The Payroll Protection Program Flexibility Act Passed


June 5, 2020

PPP Flexibility Act has been signed by President
The Payroll Protection Program Flexibility Act (PPPFA) was signed by President Trump on Friday, June 5th. The Act provides needed changes to the original requirements for forgiveness of PPP loans due to extended business closures, limited and restricted re-openings, and employees not being able to return to work. The Act provides more flexibility in spending loan funds and includes other important changes to due dates and borrower requirements.
 
The Payroll Protection Program provided strict requirements for use of PPP funds. The funds had to be spent on payroll costs and certain qualifying expenses in order for the loan to be forgiven.  The amount of the loan proceeds required to be spent on payroll costs has been reduced from 75% to 60%. As a result, loan proceeds of 40% can be spent on other qualifying expenses.
 
Many businesses were struggling to spend the loan funds in the required 8 week period from the date of receiving the loan due to business closures and the need to retain the funds for reopening expenses. The time period for spending the loan funds for forgiveness has been extended and is now the earlier of 24 weeks or December 31, 2020.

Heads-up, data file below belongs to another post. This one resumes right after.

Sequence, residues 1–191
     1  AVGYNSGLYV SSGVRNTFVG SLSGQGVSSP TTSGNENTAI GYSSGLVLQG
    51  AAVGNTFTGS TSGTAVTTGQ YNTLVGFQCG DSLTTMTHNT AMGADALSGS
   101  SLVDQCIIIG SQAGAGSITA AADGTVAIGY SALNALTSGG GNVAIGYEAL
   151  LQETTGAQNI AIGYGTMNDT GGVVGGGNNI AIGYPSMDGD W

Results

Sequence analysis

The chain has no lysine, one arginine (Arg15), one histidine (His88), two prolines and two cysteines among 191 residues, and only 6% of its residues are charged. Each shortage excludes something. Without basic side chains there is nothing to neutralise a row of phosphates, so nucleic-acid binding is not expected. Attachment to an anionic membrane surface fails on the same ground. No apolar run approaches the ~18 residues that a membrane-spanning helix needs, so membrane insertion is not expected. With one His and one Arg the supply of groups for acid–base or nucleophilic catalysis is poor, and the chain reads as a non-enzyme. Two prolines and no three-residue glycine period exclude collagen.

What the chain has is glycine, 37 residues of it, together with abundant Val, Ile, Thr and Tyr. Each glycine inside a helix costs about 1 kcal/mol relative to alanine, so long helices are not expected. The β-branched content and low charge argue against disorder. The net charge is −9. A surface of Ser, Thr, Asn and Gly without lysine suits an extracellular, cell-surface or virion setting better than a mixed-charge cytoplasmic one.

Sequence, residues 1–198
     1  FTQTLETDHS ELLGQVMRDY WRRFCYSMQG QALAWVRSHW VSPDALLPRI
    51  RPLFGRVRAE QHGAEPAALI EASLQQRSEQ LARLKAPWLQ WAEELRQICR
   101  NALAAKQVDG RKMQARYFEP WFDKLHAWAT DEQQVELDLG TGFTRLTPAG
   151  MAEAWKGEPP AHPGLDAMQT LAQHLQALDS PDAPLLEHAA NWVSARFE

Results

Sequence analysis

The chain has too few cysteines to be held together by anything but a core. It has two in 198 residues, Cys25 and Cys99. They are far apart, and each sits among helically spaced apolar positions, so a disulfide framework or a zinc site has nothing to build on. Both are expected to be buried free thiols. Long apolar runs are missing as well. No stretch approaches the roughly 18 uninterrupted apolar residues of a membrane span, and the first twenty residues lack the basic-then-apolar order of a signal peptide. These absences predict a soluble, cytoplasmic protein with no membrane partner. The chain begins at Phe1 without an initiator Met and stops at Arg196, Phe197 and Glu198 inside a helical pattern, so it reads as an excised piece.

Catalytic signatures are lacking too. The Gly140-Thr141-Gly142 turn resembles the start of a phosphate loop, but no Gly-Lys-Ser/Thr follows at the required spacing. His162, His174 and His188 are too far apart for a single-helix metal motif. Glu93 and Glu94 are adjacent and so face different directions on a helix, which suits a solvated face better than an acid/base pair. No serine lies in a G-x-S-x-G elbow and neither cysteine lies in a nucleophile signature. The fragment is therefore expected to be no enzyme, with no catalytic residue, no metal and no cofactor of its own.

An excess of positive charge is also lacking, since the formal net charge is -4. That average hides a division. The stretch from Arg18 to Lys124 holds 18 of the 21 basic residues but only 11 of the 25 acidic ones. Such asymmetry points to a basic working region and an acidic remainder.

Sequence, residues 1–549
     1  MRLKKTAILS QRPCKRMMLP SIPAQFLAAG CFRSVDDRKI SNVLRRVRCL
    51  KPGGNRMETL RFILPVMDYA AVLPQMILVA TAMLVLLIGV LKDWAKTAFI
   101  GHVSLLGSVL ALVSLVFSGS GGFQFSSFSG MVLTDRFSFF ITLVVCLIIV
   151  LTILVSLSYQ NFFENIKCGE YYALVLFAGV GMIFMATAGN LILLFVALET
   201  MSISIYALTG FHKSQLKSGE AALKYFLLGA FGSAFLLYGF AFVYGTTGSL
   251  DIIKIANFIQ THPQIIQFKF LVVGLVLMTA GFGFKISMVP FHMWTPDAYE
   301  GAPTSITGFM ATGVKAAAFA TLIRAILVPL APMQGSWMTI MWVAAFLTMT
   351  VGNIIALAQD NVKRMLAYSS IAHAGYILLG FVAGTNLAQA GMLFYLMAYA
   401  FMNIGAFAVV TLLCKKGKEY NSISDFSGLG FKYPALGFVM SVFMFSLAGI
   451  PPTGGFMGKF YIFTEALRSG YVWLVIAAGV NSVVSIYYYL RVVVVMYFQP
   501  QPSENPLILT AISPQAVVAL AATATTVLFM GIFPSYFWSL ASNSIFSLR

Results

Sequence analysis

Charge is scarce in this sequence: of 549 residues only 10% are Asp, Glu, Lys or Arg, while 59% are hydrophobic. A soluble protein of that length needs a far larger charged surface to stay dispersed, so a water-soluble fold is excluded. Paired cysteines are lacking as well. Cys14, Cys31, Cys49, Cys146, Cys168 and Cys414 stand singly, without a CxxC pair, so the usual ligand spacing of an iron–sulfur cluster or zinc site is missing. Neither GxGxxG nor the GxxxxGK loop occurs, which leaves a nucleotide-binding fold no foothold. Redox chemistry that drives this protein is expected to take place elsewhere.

The original bill required loan forgiveness to be reduced if the number of full-time equivalent employees (FTEs) or total salaries were reduced unless employees were rehired by June 30, 2020. The PPPFA has extended the date to rehire workers until December 31, 2020. The Act also adds additional exceptions for businesses that have not been able to restore the number of employees rehired to its February 15, 2020 number of employees. A reduction in the number of FTEs will not impact the loan forgiveness amount if the business is able to document the inability to rehire employees, or hire similarly qualified employees, or is not able to return to the same level of business activity due to compliance requirements.
 
The loan repayment term is now 5 years (from 2) for the amount of the loan that is not forgiven. Loan repayment is now deferred until the loan forgiveness is approved or rejected by the SBA.
 
The PPPFA now allows businesses to defer the employer’s share of social security payroll tax payments in accordance with the CARES Act which were not previously allowed.



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